There are subtle yet important differences in how private bankers are remunerated, and the methods dictate the types of advice a client should expect to receive.

Private bankers within UBS, for example, are remunerated based on commissions, while private bankers at all the other institutions are remunerated through combinations of salary and bonus, where the bonus is based on targets.

UBS announced recently it intended to exit private wealth management in Australia and would spin off its unit, which contains its private bank, as Crestone Private Wealth.

Crestone will probably be similar to other investment firms that have ties to investment banks, such as Baillieu Holst (part-owned by Credit Suisse) and Ord Minnett (part-owned by JPMorgan).

The salary plus bonus method of remuneration means private bankers are clearly aligned with a broader group and it takes the transactional component out of the advice offering, says Chris Selby, head of Deutsche Bank’s Australian private wealth management business.

Commission payments to private bankers are a relic of the old brokerage model and are fast disappearing from Australian private banks. Watchers of the industry will say the salary and bonus structure aligns the adviser better with the client and the organisation more broadly because remuneration is not simply determined by the size and frequency of transactions that are made.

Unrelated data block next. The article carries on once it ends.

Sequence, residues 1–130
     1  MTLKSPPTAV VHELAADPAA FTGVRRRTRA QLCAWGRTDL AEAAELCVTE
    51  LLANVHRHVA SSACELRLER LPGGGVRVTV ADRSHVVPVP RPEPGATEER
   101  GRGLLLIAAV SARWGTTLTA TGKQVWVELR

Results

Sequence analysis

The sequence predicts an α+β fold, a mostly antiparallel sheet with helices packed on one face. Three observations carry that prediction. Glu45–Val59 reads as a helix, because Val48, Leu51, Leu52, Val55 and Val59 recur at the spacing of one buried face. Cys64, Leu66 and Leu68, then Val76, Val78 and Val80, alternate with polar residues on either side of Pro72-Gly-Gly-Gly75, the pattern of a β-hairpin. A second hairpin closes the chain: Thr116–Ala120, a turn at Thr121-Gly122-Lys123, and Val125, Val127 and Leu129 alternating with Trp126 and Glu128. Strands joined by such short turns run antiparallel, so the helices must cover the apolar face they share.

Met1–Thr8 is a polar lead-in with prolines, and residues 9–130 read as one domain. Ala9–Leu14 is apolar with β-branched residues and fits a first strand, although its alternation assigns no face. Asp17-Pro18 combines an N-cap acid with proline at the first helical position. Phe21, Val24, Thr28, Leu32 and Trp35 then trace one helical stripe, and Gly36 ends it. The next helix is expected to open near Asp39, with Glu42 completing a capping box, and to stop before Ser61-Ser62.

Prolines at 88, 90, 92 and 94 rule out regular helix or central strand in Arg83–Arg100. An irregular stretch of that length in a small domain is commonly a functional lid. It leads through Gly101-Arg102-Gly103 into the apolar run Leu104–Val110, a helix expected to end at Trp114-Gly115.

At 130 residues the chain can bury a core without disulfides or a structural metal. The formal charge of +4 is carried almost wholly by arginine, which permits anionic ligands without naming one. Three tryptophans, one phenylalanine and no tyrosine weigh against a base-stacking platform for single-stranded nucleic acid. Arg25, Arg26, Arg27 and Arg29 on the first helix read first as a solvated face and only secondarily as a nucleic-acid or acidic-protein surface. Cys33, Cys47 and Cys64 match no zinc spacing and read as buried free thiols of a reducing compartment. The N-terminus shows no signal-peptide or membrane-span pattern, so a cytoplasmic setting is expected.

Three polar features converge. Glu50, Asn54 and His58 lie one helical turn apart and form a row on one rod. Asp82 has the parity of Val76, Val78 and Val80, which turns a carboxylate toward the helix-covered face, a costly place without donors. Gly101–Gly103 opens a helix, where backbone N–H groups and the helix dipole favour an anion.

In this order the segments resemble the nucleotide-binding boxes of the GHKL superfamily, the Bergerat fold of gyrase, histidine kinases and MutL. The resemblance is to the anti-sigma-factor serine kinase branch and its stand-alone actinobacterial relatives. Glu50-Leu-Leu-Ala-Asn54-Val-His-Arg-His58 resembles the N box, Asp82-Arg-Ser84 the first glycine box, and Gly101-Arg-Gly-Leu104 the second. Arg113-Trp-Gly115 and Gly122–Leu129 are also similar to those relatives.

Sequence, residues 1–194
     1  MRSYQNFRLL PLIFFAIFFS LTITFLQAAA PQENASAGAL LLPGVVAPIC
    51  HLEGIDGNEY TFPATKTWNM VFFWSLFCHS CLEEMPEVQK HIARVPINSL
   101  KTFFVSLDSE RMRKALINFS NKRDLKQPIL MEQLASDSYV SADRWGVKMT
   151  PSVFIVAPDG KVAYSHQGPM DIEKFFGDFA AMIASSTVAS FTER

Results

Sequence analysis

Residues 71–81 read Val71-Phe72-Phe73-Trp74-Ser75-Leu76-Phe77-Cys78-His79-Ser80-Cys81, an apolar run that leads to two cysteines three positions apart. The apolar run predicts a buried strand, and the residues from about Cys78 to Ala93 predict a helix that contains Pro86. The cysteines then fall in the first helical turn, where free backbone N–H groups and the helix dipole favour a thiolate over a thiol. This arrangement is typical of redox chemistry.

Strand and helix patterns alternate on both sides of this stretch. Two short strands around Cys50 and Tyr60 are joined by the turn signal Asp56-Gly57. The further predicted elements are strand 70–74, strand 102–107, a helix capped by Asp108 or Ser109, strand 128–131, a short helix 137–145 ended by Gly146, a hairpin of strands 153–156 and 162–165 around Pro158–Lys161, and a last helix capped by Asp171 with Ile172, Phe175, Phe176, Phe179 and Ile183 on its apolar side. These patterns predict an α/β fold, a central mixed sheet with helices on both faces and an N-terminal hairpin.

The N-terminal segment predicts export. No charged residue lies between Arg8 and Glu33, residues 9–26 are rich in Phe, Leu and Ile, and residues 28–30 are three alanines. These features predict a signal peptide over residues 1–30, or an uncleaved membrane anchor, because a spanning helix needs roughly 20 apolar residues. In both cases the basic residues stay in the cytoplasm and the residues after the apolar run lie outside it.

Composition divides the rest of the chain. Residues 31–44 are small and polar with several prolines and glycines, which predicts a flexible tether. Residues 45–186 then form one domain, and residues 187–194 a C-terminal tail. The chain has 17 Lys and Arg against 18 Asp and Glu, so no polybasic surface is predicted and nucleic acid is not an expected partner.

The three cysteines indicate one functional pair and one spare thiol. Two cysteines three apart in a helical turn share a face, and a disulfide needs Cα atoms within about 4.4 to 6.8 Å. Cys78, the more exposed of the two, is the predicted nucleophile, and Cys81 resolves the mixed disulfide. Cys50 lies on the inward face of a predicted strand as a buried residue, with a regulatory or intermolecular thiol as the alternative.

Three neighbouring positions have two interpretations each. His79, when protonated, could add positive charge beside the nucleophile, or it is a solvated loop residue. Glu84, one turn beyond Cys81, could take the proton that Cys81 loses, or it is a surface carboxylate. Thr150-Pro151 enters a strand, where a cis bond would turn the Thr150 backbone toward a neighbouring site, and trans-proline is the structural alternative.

The downside of a phasing out of commissions is that talented private bankers could decide to move on to find big pay elsewhere in investment firms.

Onlookers say the abandonment of the broker model of remuneration through commissions at private banks is due to increasing compliance demands. Commissions are paid to the individual adviser, not the broader entity, but that company is responsible for meeting the onerous regulation requirements.

So although some lament the brain drain from private banking, others believe bankers will be more attuned to clients’ needs.

The big four v the rest

Commenting on the differences between private bank offerings at the big four banks and those at the global investment firms, Selby says the investment bank approach suits clients seeking more sophisticated investment opportunities.